The Kingdom of Śrīvijaya
Based on the island of Sumatra, the once-mighty Kingdom of Śrīvijaya flourished between the 7th and 13th centuries. It dominated much of the Indonesian archipelago and its influence reached across the Strait of Malacca into mainland Southeast Asia. Much research has been carried out, but numerous riddles are still unanswered.
In this public lecture, Professor Manguin revisits this elusive empire a century after its 'discovery' by George Cœdès. What is the current state of knowledge about this powerful yet Malay polity? How can such a prestigious kingdom in its time remain so elusive for archaeologists and historians today? Its origins, the location of its political centre in Southeast Sumatra, its territorial extent, the nature of its political and cultural influence have all been the subject of heated debates since 1918. Research carried out during the last three decades has settled many issues, but still leaves numerous riddles unanswered.
Pierre-Yves Manguin is an emeritus professor at the École française d'Extrême-Orient (EFEO, French School of Asian Studies). His research focuses on the history and archaeology of coastal states, trade networks, and ships of Southeast Asia. He has led archaeological work in Indonesia (South Sumatra and West Java) and Vietnam (Mekong Delta) and published on themes related to maritime history and archaeology of Southeast Asia, the Indian Ocean and the South China Sea.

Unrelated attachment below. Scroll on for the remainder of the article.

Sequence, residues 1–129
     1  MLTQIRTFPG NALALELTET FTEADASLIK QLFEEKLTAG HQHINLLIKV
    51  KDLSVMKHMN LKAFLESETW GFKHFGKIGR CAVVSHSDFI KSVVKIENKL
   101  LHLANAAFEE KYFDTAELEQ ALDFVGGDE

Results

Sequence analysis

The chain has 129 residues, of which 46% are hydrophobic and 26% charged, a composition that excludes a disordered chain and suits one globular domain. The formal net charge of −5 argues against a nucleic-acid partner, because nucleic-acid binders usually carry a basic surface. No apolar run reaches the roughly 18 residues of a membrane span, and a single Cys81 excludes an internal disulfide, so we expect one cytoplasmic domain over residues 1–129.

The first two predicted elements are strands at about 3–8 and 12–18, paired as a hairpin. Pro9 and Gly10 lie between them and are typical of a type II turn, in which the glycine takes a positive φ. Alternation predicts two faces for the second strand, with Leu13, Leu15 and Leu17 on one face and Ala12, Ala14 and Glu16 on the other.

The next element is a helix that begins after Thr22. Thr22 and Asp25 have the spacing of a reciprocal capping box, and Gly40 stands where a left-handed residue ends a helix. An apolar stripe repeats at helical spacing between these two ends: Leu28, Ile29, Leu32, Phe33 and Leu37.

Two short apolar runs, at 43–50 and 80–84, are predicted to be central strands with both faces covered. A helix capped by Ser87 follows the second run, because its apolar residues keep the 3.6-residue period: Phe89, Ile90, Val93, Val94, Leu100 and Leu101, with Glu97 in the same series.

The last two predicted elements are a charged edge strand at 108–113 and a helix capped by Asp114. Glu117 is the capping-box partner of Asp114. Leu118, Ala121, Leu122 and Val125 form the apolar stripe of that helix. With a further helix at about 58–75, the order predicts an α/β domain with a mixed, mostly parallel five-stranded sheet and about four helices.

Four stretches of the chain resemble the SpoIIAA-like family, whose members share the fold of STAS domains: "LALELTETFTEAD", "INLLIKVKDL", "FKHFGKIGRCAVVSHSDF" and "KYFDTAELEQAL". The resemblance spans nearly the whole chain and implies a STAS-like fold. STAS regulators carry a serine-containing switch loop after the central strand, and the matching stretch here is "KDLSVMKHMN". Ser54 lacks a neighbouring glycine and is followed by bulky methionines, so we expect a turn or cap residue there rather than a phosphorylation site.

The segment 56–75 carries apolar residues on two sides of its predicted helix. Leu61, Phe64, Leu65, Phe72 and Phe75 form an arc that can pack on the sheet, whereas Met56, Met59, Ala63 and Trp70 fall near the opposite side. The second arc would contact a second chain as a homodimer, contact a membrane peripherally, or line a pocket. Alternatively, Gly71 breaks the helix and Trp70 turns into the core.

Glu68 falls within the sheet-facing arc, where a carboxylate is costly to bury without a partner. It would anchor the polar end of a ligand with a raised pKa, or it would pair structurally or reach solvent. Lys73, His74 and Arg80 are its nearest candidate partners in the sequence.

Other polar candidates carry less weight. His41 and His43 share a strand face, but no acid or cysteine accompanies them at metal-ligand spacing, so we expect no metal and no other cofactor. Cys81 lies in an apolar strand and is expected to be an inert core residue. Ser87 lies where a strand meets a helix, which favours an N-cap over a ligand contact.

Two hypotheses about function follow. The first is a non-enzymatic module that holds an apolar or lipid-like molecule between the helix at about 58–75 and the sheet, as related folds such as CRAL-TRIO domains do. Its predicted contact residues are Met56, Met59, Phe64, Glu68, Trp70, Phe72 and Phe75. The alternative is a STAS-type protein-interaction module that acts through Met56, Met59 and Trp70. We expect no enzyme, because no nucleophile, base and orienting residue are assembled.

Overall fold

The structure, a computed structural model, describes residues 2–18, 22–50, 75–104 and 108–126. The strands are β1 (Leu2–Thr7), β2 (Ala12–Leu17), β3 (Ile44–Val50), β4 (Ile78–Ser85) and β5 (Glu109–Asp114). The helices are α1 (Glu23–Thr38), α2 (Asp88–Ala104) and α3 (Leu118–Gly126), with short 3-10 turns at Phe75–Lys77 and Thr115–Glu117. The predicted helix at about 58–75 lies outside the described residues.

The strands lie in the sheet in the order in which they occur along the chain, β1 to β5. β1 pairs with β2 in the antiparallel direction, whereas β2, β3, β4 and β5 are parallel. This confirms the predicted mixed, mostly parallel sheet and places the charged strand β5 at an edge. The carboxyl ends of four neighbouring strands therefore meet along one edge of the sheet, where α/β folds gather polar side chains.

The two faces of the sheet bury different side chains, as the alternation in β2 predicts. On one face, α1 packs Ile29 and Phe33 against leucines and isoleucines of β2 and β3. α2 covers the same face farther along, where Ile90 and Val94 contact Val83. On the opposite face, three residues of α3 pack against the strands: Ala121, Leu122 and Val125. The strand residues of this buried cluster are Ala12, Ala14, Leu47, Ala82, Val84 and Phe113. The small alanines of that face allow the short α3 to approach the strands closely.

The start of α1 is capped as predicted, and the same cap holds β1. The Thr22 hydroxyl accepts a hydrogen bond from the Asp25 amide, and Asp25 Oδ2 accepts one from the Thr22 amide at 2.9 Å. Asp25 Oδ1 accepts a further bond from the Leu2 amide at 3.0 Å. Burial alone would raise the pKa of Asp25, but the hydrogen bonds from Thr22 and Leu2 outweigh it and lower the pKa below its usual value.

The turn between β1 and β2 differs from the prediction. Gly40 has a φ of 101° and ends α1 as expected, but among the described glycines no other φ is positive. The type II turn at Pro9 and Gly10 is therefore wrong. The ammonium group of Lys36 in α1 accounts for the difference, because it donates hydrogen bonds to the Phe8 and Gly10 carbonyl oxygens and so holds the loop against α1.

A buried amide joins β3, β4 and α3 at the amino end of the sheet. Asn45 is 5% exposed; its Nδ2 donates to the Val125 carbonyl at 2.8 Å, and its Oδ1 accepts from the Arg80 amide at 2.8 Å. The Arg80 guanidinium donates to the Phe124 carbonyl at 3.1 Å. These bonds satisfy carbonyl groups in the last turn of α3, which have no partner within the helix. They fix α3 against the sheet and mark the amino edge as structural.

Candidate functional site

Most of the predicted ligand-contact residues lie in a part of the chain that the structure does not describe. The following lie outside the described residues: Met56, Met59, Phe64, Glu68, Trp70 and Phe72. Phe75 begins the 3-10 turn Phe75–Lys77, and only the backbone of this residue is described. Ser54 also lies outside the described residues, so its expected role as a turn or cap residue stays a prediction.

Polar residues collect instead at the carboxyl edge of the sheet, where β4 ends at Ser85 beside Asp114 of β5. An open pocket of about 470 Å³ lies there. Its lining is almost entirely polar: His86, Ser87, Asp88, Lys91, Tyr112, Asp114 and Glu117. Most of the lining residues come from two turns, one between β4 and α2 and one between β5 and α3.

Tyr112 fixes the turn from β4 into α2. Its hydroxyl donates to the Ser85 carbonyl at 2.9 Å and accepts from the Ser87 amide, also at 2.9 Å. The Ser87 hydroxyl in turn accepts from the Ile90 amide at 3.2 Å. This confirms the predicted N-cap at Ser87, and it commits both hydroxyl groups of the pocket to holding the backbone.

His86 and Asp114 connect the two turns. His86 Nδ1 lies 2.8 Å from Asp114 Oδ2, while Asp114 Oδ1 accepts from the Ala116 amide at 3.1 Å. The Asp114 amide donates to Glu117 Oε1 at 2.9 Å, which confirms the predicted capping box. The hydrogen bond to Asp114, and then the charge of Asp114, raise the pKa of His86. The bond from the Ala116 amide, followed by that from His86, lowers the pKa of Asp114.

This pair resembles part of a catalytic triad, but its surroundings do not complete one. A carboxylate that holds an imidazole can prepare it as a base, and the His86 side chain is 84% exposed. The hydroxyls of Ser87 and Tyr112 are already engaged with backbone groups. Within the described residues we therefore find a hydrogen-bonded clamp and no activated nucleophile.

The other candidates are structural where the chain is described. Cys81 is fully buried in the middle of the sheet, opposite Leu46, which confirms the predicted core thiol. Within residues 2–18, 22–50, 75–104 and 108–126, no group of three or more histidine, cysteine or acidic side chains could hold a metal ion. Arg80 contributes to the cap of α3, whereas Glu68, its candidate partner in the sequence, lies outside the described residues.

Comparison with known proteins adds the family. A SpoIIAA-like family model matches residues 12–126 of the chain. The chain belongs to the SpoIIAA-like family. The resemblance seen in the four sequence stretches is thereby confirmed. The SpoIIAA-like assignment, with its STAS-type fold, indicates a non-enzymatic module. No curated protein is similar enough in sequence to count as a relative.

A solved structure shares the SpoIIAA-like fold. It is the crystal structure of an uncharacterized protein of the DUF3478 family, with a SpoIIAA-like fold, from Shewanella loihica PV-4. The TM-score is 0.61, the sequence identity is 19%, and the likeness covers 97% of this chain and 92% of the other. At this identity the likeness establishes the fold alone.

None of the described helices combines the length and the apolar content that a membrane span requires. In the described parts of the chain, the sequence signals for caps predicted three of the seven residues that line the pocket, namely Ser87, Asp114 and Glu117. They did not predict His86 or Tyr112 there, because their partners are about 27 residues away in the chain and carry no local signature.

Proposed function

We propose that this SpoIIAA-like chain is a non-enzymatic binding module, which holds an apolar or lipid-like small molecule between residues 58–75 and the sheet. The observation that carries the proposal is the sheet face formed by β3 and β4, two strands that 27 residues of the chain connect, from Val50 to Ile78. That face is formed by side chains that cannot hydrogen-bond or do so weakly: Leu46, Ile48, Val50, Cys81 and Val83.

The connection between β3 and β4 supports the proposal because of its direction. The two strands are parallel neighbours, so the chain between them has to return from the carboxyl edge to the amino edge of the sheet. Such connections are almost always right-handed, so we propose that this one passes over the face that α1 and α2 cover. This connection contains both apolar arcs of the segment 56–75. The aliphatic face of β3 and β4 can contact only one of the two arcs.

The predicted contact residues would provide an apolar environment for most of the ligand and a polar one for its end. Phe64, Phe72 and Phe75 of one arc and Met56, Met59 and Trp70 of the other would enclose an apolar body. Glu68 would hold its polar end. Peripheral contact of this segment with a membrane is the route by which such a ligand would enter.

14.30 - 15.00 Reception with coffee & tea in the foyer of the Auditorium
15.00 - 15.10 Welcome & Introduction by William Southworth, curator of South-East Asian art at the Rijksmuseum, and Willem Vogelsang, deputy director of IIAS
15.10 - 16.00 Lecture by professor Pierre-Yves Manguin
16.00 - 16.30/45 Q&A, guided by William Southworth, curator
You are warmly invited to join professor Manguin’s public lecture on Saturday 19 October in the Auditorium of the Rijksmuseum Amsterdam, Museumstraat 1, Amsterdam. Admission is free, but registration is required. Please use the web form on the right-hand side of this page.